6 December 2012

Nigeria: ASUP Wants Psychiatry Test for Political Aspirants

Jos — Worried by the attitude of some elected leaders to educational development, the Academic Staff Association of Polytechnics, ASUP has urged the Independent National Electoral Commission, INEC to consider conducting psychiatry tests for those wishing to contest future elections.

ASUP National President, Comrade Chibuzor Asomugha who stated this while addressing journalists in the Plateau State capital on Thursday said "INEC should in future demand a psychiatry profiling for all aspiring to electoral positions."

Asomugha who led other leaders of ASUP on a solidarity visit to its members in Plateau State regretted that unlike in other states where progress was being made, the state of education in Plateau State at all levels had been on gradual decline because of the attitude of the state government.

"In 2011, we envisioned the collapse of education in Plateau State and warned that unless urgent steps were taken to address the deterioration, the state was in for the worst. The situation since then has continued to unveil gory pictures of systemic destruction of education in Plateau State.

"Government's approach to events in the education sector has continued to infect her search for progress in the state, thus leaving on its tail huge deficits on the dreams of the founding fathers of the state and indeed the future of several generations of Plateau people", he said.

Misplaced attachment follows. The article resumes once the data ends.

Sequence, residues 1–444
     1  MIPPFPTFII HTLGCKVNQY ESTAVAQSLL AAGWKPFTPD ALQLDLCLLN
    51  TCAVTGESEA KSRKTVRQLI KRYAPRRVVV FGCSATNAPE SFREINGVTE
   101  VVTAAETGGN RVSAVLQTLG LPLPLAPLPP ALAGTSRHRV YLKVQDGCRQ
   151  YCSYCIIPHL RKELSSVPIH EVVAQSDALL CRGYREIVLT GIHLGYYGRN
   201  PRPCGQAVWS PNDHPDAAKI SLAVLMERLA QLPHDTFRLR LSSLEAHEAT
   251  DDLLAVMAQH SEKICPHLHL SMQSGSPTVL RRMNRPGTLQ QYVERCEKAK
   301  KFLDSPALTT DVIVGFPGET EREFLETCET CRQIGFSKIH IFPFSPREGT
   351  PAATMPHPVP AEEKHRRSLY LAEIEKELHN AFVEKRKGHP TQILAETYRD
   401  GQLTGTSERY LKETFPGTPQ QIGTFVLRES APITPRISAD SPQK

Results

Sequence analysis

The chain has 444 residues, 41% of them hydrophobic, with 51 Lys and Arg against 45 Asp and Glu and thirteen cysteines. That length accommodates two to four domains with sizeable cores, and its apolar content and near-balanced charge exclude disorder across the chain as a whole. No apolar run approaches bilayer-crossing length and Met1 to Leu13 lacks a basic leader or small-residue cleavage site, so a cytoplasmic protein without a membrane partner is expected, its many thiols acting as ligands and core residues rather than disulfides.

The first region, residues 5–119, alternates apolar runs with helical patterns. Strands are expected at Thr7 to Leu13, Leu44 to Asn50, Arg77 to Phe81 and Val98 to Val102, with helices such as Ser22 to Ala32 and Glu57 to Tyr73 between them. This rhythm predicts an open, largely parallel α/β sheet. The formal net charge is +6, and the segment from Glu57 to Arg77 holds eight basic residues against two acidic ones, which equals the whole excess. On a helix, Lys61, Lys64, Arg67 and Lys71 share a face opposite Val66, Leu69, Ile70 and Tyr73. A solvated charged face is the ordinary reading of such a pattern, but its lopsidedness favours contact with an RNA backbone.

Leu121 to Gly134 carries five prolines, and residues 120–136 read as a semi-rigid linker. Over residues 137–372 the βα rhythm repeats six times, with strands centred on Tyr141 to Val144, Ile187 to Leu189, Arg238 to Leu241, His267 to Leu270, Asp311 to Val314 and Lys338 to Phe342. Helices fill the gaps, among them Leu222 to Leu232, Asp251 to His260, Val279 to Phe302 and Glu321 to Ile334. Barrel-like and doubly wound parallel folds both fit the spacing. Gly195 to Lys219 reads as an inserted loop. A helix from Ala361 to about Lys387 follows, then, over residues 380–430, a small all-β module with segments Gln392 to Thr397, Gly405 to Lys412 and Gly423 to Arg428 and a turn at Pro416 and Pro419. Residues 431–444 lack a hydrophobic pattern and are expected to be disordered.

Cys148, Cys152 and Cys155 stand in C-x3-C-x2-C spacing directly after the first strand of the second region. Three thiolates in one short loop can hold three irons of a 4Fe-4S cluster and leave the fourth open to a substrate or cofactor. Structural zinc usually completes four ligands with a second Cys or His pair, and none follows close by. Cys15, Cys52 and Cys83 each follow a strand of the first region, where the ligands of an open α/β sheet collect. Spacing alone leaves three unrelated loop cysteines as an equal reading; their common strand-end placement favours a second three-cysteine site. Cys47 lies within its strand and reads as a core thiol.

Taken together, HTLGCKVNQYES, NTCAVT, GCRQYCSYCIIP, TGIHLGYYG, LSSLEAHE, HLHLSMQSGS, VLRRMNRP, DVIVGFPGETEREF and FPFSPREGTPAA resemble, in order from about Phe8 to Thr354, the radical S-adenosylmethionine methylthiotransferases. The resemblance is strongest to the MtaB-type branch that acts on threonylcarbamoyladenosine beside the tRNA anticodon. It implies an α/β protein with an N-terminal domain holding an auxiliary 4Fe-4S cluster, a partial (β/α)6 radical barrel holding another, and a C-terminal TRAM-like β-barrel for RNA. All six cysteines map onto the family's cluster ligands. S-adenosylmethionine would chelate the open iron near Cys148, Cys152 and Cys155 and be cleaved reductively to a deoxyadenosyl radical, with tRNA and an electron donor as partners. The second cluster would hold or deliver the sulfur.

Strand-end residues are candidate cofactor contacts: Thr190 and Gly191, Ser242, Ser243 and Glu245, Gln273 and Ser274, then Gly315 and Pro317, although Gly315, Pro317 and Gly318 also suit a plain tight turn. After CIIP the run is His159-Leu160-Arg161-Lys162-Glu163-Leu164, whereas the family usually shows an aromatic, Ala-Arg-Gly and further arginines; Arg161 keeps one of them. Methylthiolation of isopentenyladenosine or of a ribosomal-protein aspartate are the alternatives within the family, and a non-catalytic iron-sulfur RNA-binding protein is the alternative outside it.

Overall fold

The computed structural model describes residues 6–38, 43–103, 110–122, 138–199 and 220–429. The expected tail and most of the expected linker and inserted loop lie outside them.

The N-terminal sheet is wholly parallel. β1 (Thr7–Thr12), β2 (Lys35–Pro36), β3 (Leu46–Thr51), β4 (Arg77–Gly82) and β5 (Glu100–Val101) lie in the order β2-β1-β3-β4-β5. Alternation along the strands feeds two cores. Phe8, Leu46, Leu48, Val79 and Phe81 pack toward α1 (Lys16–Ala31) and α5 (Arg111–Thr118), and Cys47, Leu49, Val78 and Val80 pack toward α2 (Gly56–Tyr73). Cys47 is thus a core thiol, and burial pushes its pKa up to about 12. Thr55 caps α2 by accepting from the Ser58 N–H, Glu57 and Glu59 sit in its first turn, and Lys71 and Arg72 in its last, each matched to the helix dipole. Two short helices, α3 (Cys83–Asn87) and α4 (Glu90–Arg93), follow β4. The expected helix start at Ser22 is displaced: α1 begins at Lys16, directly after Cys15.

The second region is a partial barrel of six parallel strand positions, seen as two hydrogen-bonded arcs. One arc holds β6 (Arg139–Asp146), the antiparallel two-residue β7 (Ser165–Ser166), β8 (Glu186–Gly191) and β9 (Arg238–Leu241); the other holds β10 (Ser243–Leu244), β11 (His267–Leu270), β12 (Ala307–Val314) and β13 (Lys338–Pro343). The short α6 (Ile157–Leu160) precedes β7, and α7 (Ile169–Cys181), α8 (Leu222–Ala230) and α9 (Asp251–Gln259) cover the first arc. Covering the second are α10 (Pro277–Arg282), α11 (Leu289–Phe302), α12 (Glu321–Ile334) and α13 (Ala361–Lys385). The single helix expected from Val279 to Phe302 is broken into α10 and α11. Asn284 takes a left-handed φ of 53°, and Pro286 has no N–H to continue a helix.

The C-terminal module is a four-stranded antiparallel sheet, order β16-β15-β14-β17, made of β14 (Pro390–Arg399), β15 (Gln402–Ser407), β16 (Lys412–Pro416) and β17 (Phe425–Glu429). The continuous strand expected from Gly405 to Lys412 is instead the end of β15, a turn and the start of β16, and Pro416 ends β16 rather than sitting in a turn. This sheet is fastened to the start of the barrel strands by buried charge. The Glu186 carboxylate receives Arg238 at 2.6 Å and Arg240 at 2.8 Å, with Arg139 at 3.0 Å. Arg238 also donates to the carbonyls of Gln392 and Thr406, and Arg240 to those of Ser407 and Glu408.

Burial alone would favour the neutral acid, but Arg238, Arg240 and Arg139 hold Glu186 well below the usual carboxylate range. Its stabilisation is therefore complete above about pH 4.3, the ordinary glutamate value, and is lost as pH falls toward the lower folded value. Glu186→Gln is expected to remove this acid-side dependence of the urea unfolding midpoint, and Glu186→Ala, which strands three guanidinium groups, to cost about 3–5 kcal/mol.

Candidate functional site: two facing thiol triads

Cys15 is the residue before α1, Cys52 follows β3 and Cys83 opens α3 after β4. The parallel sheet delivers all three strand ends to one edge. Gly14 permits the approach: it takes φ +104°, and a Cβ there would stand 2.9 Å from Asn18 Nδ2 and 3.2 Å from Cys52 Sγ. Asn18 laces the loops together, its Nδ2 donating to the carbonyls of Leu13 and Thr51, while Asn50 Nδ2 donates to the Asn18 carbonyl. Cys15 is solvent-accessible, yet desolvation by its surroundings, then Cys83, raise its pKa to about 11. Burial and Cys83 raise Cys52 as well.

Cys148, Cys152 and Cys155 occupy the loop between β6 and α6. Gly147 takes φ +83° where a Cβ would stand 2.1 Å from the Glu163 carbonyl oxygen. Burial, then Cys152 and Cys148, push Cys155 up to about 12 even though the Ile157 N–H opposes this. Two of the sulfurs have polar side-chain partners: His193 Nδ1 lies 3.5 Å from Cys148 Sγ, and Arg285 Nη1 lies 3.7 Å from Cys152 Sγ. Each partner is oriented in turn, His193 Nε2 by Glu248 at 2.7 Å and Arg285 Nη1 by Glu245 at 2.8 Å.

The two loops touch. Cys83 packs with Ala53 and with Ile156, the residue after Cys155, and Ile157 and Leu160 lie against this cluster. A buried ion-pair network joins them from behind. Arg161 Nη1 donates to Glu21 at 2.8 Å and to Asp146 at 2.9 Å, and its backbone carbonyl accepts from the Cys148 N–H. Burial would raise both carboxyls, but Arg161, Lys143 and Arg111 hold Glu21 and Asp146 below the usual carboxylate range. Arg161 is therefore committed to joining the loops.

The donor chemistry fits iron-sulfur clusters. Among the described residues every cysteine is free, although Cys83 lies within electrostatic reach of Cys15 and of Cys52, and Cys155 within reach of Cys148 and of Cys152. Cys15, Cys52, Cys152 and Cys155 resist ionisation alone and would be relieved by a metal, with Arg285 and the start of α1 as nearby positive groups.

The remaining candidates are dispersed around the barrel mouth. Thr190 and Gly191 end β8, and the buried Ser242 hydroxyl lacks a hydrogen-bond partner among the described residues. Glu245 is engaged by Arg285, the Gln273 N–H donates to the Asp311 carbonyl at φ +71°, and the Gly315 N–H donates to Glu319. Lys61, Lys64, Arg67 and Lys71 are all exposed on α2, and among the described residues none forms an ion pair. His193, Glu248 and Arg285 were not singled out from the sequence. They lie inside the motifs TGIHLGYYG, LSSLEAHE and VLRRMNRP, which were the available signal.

ASUP said the decline in the performance of students in the state in the West African School Certificate and National Examination Council examinations in the last five years spoke volumes of the situation.

It sympathized with teachers and pupils of public primary schools and local government staff in the state who have been at home since May this year over government's alleged failure to pay the N18,000 minimum wage.

The ASUP president alleged that the high handed attitude of the state government which made it renege on the agreement reached with workers of the state owned tertiary institutions by not paying their their three month salaries after they called off their prolonged strike last year had resulted in a brain drain.

According to him, "As at the last count, no fewer than 50 lecturers from tertiary institutions in the state have left the services of the state government for greener grazing fields" accusing the state government of interpreting the no work, no pay clause of the labour law as it deems convenient while ignoring the conditions attached to it.

He said the union will join other unions in their proposed massive action against the state government.

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